Since coming over to the Cubs at the trade deadline, Codi Heuer has been nothing short of fantastic. From the date of his first appearance on the north side (July 31st), his 1.40 ERA ranks 23rd in MLB, and no one ahead of him on that list has thrown more than his 25.2 innings of work.
When I was digging in on his numbers, however, I noticed that at least one of his higher-level peripherals over his time with the Cubs (4.10 FIP) was quite a bit higher than his actual results (as well as his 3.20 FIP from last season). And that felt worth exploring.
Fielding Independent Pitching (FIP) is scaled to look somewhat similar to ERA, but it focuses solely on events within a pitcher’s control (strikeouts, unintentional walks, HBPs, home runs). And while it is imperfect in many ways, it can steer your attention to some other issues. For example, Heuer’s strikeout rate has dropped from 23.5% with the White Sox this season to just 16.7% with the Cubs. Meanwhile, his walk rate has increase from 6.0% on the south side to 9.4% in the north. At face, those numbers are not good. Alarming, even!
It’s undoubtedly something to keep an eye on — any potential high-leverage reliever needs to have a strikeout rate well above 16.7% (and you never want your walk rate to climb) — but obviously Heuer has nonetheless found success. And that’s not all that uncommon. Plenty of pitchers routinely “outperform” their FIP, but that usually requires a great deal of contact management success, which is where we’re headed next.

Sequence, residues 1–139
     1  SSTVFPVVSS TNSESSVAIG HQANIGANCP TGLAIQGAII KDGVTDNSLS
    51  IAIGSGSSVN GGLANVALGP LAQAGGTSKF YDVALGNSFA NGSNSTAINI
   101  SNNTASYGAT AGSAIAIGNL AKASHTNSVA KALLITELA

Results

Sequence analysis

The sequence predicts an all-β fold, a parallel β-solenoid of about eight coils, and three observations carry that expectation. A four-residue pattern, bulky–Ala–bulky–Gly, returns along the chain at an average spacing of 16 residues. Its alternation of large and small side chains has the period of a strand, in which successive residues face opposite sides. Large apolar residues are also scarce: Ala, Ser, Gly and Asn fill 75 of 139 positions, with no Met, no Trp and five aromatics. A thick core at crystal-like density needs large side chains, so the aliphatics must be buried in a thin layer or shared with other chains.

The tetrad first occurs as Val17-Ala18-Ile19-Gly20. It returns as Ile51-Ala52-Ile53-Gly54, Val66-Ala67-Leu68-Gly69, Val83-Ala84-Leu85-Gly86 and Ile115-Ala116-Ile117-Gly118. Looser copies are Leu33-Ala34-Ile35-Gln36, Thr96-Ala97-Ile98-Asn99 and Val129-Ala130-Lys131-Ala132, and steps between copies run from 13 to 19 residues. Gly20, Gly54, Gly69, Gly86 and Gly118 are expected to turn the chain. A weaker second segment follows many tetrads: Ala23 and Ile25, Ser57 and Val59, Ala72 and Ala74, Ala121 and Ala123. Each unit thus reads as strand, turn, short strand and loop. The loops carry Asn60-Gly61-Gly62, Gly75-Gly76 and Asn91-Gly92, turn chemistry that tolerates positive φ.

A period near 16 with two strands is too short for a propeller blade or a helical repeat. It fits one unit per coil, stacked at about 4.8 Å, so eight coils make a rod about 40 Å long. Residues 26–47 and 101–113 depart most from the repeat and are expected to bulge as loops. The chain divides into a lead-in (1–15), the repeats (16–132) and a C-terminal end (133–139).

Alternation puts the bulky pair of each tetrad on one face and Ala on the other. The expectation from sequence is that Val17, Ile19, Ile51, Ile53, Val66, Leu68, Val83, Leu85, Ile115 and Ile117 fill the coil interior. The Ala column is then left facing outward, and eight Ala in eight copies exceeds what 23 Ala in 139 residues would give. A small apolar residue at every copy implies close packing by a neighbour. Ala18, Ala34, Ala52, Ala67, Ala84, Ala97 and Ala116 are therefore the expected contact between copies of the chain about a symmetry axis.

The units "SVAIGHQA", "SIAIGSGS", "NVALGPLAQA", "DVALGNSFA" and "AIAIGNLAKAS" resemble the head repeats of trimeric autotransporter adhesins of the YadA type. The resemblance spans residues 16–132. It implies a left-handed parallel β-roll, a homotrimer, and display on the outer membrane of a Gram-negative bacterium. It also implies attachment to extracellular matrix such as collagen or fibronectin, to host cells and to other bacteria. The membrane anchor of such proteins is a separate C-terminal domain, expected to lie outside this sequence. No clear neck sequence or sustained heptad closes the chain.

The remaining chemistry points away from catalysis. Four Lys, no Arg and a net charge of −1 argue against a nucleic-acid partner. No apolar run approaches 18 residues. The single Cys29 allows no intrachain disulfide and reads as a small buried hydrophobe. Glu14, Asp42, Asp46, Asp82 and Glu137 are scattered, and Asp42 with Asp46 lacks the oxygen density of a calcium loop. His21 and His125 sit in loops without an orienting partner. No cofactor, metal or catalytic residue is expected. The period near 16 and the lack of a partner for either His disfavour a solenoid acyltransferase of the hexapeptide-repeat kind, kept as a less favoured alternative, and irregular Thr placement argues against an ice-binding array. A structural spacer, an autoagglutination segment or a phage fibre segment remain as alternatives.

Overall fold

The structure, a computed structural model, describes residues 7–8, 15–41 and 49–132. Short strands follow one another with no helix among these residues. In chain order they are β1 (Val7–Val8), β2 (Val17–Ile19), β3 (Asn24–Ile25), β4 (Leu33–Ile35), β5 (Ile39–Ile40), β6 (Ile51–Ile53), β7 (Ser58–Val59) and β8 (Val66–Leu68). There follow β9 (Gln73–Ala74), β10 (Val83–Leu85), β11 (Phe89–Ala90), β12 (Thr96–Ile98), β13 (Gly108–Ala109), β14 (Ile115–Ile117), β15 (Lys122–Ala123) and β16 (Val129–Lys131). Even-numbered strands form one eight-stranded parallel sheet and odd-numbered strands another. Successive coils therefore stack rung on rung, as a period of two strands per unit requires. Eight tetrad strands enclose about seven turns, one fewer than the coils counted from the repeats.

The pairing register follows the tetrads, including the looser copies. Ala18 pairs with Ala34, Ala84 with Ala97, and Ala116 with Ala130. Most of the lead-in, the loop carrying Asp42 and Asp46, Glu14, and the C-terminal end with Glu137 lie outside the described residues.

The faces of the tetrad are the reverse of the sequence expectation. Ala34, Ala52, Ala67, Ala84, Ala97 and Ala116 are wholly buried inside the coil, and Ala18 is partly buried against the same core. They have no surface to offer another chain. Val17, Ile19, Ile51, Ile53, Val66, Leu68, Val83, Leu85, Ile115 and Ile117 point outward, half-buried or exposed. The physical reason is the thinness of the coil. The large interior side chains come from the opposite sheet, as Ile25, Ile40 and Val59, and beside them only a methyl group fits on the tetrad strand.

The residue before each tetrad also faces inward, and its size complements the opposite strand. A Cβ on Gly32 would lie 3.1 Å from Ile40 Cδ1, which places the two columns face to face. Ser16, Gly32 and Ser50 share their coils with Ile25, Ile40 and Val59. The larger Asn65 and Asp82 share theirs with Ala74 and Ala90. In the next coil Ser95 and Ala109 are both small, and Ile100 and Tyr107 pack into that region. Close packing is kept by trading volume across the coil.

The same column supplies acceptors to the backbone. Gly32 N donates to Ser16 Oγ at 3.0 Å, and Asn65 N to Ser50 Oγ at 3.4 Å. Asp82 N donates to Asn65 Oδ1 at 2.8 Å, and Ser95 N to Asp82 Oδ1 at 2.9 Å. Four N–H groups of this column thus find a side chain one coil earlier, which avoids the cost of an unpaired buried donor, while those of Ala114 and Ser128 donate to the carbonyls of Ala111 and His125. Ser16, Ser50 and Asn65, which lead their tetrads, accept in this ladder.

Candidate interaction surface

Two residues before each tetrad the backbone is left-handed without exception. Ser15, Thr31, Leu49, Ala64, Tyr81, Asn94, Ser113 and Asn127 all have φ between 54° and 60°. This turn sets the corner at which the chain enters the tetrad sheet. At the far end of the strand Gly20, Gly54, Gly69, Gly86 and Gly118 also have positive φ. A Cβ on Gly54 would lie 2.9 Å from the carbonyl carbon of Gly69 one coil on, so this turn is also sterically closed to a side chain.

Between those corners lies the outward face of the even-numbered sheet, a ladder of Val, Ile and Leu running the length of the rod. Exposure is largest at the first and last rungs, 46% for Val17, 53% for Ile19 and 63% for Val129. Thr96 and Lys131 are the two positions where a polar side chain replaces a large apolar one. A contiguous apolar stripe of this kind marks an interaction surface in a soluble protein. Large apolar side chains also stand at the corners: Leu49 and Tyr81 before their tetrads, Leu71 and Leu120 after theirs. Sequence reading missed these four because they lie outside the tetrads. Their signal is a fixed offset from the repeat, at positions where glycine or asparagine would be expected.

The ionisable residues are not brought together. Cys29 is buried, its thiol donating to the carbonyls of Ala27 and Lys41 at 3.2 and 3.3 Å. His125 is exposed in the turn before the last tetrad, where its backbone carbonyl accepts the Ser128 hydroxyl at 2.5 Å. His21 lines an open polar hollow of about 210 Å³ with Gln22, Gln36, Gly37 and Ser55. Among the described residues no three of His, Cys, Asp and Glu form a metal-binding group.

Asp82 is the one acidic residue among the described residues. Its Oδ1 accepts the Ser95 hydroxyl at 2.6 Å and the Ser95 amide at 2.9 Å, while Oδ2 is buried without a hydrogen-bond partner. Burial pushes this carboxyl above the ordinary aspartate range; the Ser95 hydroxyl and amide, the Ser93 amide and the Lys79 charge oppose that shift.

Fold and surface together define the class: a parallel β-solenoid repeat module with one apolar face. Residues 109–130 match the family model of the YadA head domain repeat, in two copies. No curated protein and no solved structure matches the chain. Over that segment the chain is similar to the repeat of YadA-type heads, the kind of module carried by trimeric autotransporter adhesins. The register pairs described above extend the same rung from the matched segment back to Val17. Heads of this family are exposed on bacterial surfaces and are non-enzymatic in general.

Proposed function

Compared to his first half with the Sox, Heuer is generating more ground balls, more infield pop-ups, more soft contact, less hard contact, a lower average exit velocity, and a smaller barrel rate. The short version of that data? Batters may be making more contact overall now that Heuer is with the Cubs, but the quality of that contact is significantly worse. And that appears to explain at least some of the difference between his 2021 results with the Sox (5.12 ERA over 38.2 IP) versus the Cubs (1.40 ERA over 25.2 IP). There’s probably some luck in there, too, but credit where it’s due. Generating crappy contact is a repeatable skill.
So, okay, great. We know why his results have been so much better than his peripherals, but that’s not enough. Now I want to know how he’s doing it. In other words, how has he been able to so greatly reduce the quality of contact batters are making against him this season with the Cubs? Has THAT part been the good luck, or is he actually doing something differently? And to answer that, at least in part, we turn to the pitch mix (all data via PitchInfo).
Consider a couple of his pitches …
2020 White Sox: 65.5%
2021 White Sox: 53.1%
2021 Cubs: 63.0%
2020 White Sox: 9.3%
2021 White Sox: 22.9%
2021 Cubs: 13.9%
Note: Heuer also throws a slider around 24% of the time (so it is definitely not an insignificant part of his story), but he’s kept that usage mostly level over the past two seasons. So for today, we’ll focus solely on changes to his usage of the fastball and changeup.